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Black Cottonwood Trees of Alberta, Canada
Berg, K.J., Samuelson, G.M., Willms, C.R., Pearce, D.W. and Rood, S.B. 2007. Consistent growth of black cottonwoods despite temperature variation across elevational ecoregions in the Rocky Mountains. Trees 21: 161-169.

Rood, S.B., Berg, K.J. and Pearce, D.W. 2007. Localized temperature adaptation of cottonwoods from elevational ecoregions in the Rocky Mountains. Trees 21: 171-180.

Climate alarmists have long claimed that CO2-induced global warming - if it ever really "takes off" - will be so fast and furious that many species of plants will not be able to migrate poleward in latitude or upward in altitude fast enough to escape extinction, if the climate significantly changes from that to which they are accustomed.

What was done
Berg et al. analyzed annual growth rings of 167 black cottonwood (Populus trichocarpa Torr. & Gray) trees growing along two creeks in the Rocky Mountain region of Alberta, Canada, while in the laboratory Rood et al. studied the growth responses to temperature of saplings of 14 cottonwood genotypes that they generated from stem cuttings of trees from three distinct ecoregions along the elevational gradient of the two streams: an upper montane region, an intermediate aspen parkland, and a lower fescue prairie region.

What was learned
Berg et al. found that despite a 3.8C June-December mean temperature difference between the fescue prairie and montane zones, which led to a 42% increase in growing degree days when gong from the montane zone to the fescue prairie zone, the "growth rate of most trees was fairly consistent across the ecoregions," such that "there was only about an 11% difference in the typical trunk diameter of century-old black cottonwoods across [the] three mountain zone ecoregions," according to Rood et al. In addition, the work of the latter researchers demonstrated the existence of what they call "localized temperature adaptation" and "elevational ecotypes of black cottonwood," which they say is "consistent with results from studies of other deciduous and coniferous trees along mountain profiles (Sparks and Ehleringer, 1997; Oleksyn et al., 1998; Weih and Karlsson, 1999)."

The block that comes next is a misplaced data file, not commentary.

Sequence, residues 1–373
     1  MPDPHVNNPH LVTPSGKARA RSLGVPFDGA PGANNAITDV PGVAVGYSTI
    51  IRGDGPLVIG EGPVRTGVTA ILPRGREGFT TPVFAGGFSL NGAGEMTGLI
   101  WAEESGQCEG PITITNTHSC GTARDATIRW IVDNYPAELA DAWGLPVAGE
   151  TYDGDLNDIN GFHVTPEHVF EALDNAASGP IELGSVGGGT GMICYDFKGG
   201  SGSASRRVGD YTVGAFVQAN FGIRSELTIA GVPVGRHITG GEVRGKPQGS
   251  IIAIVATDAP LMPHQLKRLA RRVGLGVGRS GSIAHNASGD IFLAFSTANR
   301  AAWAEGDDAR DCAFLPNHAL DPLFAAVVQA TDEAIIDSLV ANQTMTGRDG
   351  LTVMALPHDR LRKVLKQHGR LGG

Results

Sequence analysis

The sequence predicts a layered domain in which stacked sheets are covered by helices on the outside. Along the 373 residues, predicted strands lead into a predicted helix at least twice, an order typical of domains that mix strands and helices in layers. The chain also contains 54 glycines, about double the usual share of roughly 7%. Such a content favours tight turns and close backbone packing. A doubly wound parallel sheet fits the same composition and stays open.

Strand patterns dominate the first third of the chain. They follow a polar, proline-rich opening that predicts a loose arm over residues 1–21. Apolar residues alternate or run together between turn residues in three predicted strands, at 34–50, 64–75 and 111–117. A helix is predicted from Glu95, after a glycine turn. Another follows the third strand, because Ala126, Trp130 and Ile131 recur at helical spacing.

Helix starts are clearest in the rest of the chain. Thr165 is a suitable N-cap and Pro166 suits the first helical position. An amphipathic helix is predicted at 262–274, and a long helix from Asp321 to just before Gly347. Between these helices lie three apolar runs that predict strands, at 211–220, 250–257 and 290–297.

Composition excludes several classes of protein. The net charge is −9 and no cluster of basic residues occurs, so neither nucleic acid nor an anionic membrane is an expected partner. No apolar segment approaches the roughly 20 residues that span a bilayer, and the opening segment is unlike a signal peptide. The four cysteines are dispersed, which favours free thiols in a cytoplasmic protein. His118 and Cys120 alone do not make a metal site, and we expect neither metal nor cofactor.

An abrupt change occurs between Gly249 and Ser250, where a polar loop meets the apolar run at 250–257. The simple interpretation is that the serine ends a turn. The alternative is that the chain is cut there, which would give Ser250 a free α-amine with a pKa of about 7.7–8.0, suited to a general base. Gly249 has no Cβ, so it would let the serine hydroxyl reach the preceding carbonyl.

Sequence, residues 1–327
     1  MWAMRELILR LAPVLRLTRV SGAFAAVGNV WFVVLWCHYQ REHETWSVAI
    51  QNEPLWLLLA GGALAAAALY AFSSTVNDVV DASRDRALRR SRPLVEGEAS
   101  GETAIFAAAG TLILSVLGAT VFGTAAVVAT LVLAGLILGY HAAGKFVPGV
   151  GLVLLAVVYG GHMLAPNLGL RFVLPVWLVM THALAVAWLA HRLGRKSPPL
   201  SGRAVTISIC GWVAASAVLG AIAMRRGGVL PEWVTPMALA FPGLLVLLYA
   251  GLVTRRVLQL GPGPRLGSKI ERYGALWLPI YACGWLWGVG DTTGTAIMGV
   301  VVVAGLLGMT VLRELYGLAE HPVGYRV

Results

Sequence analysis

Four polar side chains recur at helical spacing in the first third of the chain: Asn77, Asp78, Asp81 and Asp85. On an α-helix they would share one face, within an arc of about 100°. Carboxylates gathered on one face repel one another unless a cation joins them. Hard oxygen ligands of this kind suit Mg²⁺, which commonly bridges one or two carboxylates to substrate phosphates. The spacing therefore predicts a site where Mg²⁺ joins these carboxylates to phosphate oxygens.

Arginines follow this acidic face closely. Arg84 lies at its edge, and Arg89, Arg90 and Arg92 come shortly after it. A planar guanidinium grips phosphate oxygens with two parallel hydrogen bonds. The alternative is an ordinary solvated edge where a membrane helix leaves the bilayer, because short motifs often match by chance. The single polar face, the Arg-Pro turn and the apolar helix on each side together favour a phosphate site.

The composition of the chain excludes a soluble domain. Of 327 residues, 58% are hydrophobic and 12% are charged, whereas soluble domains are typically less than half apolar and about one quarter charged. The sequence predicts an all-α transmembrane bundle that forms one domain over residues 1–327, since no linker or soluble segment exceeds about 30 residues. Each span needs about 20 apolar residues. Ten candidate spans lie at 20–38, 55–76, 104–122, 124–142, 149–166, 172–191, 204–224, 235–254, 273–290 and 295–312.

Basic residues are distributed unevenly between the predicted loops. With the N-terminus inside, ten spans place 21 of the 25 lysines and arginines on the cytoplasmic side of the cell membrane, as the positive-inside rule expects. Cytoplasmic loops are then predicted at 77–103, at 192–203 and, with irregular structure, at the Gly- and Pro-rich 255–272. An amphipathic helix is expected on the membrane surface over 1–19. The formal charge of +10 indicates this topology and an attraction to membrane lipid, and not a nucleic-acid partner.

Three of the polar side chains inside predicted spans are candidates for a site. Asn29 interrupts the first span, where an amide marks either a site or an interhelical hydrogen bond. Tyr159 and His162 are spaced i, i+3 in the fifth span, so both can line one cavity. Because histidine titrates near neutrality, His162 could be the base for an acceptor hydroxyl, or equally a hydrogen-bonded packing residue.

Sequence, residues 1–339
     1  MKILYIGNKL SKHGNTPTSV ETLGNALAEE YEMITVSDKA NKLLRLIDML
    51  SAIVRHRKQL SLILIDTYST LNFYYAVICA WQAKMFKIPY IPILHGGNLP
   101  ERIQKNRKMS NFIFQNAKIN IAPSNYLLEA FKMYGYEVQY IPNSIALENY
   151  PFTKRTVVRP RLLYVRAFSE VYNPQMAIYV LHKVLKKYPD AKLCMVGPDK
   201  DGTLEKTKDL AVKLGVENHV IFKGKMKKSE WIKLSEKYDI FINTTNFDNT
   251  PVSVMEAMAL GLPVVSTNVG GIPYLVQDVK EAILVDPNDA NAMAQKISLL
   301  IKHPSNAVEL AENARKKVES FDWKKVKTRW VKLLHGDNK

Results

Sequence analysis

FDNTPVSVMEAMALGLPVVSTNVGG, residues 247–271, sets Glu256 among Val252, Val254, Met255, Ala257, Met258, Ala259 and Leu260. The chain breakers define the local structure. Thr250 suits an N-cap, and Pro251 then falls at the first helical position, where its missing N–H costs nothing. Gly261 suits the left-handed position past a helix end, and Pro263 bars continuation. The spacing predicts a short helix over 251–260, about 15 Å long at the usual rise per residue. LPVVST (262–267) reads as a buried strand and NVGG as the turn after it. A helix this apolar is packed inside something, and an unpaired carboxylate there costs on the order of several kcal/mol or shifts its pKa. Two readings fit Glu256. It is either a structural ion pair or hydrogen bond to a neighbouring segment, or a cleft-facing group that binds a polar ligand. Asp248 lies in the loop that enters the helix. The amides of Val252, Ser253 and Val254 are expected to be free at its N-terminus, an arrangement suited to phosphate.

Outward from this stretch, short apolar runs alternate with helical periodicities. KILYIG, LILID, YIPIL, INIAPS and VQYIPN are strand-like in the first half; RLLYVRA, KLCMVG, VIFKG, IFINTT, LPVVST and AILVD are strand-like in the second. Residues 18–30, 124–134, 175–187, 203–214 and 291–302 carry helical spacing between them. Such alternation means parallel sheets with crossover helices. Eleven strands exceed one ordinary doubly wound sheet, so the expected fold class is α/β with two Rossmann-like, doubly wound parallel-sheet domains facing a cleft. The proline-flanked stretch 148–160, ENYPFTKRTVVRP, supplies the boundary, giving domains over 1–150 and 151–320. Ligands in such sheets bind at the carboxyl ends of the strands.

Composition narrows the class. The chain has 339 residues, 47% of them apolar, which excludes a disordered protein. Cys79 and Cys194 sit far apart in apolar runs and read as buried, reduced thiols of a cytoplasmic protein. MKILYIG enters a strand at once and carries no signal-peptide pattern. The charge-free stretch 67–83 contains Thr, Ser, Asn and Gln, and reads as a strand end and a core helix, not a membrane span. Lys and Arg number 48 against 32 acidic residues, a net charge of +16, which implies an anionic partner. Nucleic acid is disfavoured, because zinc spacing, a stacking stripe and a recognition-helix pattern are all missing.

What it means
The findings of Berg et al. and Rood et al., augmented by the similar observations of the other researchers they cite, suggest that the black cottonwood trees of Alberta, Canada, are indeed ready for whatever nature might throw at them in the way of continued global warming, having the capacity to migrate upward in altitude without having to necessarily give up ground at lower elevations, as their existent genotypes appear to exhibit a wide range of adaptability to temperature.

Oleksyn, J., Modrzynski, J., Tjoelker, M.G., Zytkowaik, R., Reich, P.B. and Karolewski, P. 1998. Growth and physiology of Picea abies populations from elevational transects: Common garden evidence for altitudinal ecotypes and cold adaptation. Functional Ecology 12: 573-590.

Sparks, J.P. and Ehleringer, J.H. 1997. Leaf carbon isotope discrimination and nitrogen content for riparian trees along elevational transects. Oecologia 109: 362-367.

Weih, M. and Karlsson, P.S. 1999. Growth response of altitudinal ecotypes of mountain birch to temperature and fertilization. Oecologia 119: 16-23.

Reviewed 11 July 2007